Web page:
'Can't we get rid of this?" my husband asks, exasperated. Rich and I are officially cleaning out the garage, and the three large bags we've designated "flea market," "trash," and "keep" are almost full. We are at that tense part of any household project: in too far to stop, but with no end in sight. The strain is beginning to show.
"C'mon, Liz," Rich adds, noticing my hesitation. "Even Kathleen's too big for a stroller now."
Well maybe. Kathleen, our "baby," turned 6 last month. She shouldn't need a stroller this spring. But on our seashore vacation just last summer, the collapsible stroller Rich is so eager to pitch was a lifesaver. After a long night of miniature golf, amusement rides, and sticky snacks, Kathleen stopped in the middle of the boardwalk and adamantly refused to take another step. Once in the stroller, she fell asleep within seconds.
"Let's start a 'maybe' pile," I temporize. Rich rolls his eyes, then starts digging into another box.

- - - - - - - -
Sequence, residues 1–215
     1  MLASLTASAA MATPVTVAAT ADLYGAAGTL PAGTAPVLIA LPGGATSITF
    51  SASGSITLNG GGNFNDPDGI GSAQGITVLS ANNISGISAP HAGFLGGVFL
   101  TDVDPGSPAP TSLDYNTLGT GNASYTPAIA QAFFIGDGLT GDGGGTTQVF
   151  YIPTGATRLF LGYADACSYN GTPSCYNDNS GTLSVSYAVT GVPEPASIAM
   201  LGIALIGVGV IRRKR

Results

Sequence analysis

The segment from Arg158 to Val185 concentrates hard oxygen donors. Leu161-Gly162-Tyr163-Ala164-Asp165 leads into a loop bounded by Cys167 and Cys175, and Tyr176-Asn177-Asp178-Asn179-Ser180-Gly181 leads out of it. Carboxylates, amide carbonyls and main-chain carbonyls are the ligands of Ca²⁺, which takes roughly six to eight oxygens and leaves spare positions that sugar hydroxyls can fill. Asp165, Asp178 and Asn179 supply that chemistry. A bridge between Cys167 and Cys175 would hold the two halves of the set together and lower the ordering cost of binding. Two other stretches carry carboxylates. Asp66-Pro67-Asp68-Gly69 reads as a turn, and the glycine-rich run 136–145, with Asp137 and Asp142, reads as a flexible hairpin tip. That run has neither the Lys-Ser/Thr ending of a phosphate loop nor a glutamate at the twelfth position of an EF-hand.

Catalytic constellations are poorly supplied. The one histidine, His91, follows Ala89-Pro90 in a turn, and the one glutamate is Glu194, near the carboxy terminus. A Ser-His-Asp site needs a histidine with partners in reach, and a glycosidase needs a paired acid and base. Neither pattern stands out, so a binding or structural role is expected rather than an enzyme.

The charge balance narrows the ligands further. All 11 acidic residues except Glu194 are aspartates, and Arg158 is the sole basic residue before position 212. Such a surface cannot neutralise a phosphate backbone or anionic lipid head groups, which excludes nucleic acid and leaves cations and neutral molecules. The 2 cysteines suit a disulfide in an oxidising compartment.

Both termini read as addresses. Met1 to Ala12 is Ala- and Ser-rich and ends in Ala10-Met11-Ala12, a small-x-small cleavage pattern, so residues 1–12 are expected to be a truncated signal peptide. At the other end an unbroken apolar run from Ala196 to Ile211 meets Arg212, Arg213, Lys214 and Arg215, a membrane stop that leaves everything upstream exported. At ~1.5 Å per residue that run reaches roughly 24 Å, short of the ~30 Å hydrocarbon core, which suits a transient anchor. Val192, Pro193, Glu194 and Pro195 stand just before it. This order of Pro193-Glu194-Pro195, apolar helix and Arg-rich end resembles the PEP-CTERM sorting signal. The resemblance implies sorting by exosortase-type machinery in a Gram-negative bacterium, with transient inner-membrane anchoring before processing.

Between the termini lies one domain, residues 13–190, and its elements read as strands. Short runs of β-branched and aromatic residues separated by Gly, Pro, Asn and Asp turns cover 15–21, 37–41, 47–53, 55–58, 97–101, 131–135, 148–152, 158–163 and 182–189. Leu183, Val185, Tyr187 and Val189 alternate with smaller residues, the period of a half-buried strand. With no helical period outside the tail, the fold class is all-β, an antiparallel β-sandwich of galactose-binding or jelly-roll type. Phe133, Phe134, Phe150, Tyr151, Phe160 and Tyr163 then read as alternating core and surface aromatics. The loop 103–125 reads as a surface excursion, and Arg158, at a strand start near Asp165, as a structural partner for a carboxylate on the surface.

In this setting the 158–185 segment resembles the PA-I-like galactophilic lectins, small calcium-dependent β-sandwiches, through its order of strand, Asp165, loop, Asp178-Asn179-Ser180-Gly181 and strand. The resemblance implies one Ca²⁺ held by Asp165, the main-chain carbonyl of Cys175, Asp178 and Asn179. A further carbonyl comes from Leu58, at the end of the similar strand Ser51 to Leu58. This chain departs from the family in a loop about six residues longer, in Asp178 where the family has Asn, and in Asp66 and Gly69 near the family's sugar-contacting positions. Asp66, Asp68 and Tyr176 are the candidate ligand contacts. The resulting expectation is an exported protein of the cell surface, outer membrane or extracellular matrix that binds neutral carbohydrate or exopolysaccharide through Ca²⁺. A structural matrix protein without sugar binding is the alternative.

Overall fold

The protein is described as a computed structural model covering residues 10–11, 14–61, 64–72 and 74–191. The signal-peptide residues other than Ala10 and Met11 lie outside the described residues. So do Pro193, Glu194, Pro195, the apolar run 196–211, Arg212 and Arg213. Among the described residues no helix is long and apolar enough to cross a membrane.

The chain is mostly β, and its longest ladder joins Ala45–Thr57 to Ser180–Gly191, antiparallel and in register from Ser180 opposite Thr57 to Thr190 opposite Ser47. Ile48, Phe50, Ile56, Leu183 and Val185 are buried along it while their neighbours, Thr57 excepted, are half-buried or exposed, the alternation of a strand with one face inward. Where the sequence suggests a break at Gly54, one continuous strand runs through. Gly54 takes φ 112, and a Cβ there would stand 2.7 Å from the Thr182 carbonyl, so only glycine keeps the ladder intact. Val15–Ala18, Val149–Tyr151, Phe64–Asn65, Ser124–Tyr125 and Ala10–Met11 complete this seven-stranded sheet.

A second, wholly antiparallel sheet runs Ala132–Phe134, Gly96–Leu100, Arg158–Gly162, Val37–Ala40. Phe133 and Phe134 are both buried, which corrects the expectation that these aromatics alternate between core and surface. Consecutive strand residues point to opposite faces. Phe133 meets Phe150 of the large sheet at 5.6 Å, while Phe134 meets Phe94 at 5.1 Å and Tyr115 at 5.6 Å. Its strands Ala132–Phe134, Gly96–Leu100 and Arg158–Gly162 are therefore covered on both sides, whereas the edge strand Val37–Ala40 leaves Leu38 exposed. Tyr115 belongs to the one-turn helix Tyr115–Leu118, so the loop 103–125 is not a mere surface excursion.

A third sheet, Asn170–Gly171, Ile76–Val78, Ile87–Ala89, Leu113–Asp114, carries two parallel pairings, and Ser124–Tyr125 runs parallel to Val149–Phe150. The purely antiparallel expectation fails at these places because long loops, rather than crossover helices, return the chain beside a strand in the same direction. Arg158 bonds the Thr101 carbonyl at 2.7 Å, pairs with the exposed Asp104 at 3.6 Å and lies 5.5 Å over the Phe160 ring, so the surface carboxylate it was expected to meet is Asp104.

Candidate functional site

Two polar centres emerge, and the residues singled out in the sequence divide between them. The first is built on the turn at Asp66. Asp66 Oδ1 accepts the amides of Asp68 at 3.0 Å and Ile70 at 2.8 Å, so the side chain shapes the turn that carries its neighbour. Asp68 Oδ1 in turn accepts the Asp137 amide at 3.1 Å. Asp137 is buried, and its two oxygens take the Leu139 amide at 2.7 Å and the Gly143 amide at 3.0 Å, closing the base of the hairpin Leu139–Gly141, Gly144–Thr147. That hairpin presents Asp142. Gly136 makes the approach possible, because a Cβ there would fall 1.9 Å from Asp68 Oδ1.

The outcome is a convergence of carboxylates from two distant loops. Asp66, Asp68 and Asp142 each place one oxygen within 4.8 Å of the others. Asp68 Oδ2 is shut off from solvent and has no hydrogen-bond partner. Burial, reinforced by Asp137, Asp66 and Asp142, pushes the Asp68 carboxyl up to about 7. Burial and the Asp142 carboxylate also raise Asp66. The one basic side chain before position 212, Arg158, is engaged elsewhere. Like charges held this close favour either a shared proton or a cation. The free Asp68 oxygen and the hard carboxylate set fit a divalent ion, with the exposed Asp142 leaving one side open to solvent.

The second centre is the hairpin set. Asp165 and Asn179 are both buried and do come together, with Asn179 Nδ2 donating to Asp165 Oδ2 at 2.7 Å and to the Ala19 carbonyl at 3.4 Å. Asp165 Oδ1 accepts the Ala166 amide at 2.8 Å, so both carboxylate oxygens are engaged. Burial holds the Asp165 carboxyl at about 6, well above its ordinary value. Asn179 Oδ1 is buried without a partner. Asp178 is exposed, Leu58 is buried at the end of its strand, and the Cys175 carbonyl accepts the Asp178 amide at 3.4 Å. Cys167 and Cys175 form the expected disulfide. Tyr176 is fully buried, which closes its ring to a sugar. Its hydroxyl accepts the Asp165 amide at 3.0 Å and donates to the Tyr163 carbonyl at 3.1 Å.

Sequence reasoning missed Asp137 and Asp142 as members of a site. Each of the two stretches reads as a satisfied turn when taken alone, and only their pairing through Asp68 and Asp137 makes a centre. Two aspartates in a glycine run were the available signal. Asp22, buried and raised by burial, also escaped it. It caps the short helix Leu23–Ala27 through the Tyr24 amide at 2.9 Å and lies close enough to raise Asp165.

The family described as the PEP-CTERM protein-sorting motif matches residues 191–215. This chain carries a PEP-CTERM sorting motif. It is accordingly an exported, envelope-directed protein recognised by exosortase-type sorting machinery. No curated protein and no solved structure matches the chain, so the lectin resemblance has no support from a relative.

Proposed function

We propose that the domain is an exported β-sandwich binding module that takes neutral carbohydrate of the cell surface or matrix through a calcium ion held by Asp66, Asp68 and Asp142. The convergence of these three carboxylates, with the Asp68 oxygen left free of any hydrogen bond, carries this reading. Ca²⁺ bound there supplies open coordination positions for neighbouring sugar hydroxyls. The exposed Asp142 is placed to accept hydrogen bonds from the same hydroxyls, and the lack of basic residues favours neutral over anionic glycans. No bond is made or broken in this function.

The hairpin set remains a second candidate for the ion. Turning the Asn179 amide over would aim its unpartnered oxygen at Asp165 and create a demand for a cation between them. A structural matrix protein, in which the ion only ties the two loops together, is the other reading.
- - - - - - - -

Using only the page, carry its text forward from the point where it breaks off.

Rich and I never did feel the same way about strollers, I remind myself as I sort through some old gardening tools and seed packets. To him our strollers - we went through several - were just one more piece of bulky baby equipment, slowing him down. He hated having to bypass the shiny, quick escalators at a mall, for instance, to search long and hard - while our two daughters squirmed and fretted in their double stroller - for the clunky, slow elevators always hidden in the back of stores.
To me, though, strollers meant freedom. I still remember how elated I felt, years ago, on an unseasonably warm day in February as I bundled up Elizabeth, my older daughter, then only a few months old. After snipping off the tags from her brand-new stroller, I settled her in carefully, and we hit the streets of our city neighborhood. It was my first trip outside in weeks. We both enjoyed the change of scene so much that I decided I was one stay-at-home mom who wasn't going to, well, stay at home.